This list contains the usual state codes for jobs that have been submitted:

  • COMPLETED (CD): The job has completed the execution.
  • COMPLETING (CG): The job is finishing, but some processes are still active.
  • FAILED (F): The job terminated with a non-zero exit code.
  • PENDING (PD): The job is waiting for resource allocation. The most common state after running "sbatch", it will run eventually.
  • PREEMPTED (PR): The job was terminated because of preemption by another job.
  • RUNNING (R): The job is allocated and running.
  • SUSPENDED (S): A running job has been stopped with its cores released to other jobs.
  • STOPPED (ST): A running job has been stopped with its cores retained.

Job reason codes

This list contains the most common reason codes of the jobs that have been submitted and are still not in the running state:

  • Priority: One or more higher priority jobs is in queue for running. Your job will eventually run.
  • Dependency: This job is waiting for a dependent job to complete and will run afterwards.
  • Resources: The job is waiting for resources to become available and will eventually run.
  • InvalidAccount: The job’s account is invalid. Cancel the job and resubmit with correct account.
  • InvaldQoS: The job’s QoS is invalid. Cancel the job and resubmit with correct account.
  • QOSGrpCpuLimit: All CPUs assigned to your job’s specified QoS are in use; job will run eventually.
  • QOSGrpMaxJobsLimit: Maximum number of jobs for your job’s QoS have been met; job will run eventually.
  • QOSGrpNodeLimit: All nodes assigned to your job’s specified QoS are in use; job will run eventually.
  • PartitionCpuLimit: All CPUs assigned to your job’s specified partition are in use; job will run eventually.
  • PartitionMaxJobsLimit: Maximum number of jobs for your job’s partition have been met; job will run eventually.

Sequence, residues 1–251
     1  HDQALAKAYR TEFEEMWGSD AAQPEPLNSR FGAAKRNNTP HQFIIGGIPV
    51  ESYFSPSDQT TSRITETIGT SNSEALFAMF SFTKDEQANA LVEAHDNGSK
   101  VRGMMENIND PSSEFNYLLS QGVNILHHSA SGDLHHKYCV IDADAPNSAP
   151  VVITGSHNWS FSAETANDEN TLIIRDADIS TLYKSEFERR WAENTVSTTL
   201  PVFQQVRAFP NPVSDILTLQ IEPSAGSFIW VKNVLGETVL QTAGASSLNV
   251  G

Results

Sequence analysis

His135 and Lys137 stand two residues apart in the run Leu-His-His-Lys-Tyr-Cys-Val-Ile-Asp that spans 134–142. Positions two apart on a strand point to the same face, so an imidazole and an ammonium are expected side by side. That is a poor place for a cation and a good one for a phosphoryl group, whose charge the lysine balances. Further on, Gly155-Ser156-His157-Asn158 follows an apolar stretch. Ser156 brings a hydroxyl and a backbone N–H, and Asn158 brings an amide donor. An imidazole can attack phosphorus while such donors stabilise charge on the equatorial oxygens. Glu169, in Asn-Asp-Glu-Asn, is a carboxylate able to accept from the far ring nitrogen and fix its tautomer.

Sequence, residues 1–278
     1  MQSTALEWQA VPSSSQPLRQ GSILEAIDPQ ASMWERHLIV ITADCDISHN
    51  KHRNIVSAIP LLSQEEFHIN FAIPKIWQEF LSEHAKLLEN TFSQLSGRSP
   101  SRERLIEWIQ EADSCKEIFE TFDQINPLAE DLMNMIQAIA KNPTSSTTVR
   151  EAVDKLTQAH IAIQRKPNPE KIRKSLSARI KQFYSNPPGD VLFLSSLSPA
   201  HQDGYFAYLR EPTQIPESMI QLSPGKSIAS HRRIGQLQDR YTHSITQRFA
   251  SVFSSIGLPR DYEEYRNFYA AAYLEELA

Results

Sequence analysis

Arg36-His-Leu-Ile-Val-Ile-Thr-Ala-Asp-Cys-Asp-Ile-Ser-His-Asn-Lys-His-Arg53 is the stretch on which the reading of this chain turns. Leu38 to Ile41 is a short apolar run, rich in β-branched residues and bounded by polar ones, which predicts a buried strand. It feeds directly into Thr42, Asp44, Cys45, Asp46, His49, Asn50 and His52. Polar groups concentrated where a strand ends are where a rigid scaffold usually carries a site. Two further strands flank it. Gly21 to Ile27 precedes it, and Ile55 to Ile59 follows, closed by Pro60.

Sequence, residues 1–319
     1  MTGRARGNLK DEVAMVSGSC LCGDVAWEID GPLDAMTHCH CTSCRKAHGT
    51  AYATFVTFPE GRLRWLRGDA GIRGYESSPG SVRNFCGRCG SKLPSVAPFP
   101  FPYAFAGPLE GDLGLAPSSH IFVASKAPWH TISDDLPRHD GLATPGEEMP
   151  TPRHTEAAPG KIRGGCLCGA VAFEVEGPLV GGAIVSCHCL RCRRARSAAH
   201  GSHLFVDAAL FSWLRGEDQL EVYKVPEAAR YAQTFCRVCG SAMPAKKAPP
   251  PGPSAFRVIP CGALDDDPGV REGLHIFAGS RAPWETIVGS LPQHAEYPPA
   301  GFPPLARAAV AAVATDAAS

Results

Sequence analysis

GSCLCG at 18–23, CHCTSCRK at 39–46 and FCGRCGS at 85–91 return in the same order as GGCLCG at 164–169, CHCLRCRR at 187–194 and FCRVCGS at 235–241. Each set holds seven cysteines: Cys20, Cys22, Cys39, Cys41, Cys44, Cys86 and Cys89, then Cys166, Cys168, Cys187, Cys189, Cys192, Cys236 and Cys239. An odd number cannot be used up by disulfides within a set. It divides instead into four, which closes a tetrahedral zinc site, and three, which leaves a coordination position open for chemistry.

• PartitionNodeLimit: All nodes assigned to your job’s specified partition are in use; job will run eventually.
  • AssociationCpuLimit: All CPUs assigned to your job’s specified association are in use; job will run eventually.
  • AssociationMaxJobsLimit: Maximum number of jobs for your job’s association have been met; job will run eventually.
  • AssociationNodeLimit: All nodes assigned to your job’s specified association are in use; job will run eventually.

Resource usage and job priorities

Projects will have assinged a certain amount of compute hours or core hours that are available to use. One core hour is the computing time of one core during the time of one hour. That is a full node with 16 cores running a job for one hour will use up 16 core hours from the assigned budget. The accounting is solely based in the amount of compute hours used.

The priority of a job and therefore its scheduling in the queues is being determined by a multitude of factors. The most important and influential ones are the fairshare in between groups, waiting time in queues and job size. MareNostrum is a system meant for and favouring large executions so that jobs using more cores have a higher priority. The time while waiting in queues for execution is being taken into account as well and jobs gain more and more priority the longer they are waiting. Finally our queue system implements a fairshare policy between groups. Users who did not run many jobs and consumed compute hours will get a higher priority for their jobs than groups that have a high usage. This is to allow everyone their fair share of compute time and the option to run jobs without one group or another being favoured. You can review your current fair share score using the command

sshare -la


It is currently not possible to be notified about the status of jobs via email. To check if your jobs are being executed or have finished you will need to connect to the system and verify their status manually. For the future it is being planned to enable automatic notifications.